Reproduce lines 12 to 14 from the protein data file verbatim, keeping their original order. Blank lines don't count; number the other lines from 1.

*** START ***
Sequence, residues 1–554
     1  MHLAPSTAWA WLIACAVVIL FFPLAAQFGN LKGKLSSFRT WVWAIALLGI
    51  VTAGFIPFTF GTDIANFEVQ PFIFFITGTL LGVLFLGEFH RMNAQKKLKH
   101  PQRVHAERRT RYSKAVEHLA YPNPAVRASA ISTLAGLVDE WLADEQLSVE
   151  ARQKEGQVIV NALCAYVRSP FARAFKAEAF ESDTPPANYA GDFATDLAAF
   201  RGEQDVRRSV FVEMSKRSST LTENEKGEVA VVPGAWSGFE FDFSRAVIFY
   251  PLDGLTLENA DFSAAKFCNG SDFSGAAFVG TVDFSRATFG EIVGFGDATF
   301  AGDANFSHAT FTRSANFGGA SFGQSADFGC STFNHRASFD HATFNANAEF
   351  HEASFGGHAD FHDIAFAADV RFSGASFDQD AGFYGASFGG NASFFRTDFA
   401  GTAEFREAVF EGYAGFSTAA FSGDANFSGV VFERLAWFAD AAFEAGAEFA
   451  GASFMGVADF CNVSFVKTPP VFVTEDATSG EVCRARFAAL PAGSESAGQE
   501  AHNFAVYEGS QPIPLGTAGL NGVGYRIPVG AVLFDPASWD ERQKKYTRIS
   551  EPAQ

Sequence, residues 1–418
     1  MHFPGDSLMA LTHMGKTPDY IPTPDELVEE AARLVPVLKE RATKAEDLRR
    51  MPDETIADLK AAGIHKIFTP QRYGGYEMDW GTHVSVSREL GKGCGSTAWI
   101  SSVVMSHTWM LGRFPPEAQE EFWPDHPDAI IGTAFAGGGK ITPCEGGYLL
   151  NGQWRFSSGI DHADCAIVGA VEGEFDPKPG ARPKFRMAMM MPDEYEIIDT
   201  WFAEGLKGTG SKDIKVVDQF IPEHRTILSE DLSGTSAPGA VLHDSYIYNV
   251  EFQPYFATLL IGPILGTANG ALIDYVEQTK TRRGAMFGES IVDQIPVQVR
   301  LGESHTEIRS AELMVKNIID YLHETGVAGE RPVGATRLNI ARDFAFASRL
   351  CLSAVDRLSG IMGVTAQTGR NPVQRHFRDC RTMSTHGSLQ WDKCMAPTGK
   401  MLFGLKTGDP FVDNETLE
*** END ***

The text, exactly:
   501  AHNFAVYEGS QPIPLGTAGL NGVGYRIPVG AVLFDPASWD ERQKKYTRIS
   551  EPAQ

Sequence, residues 1–418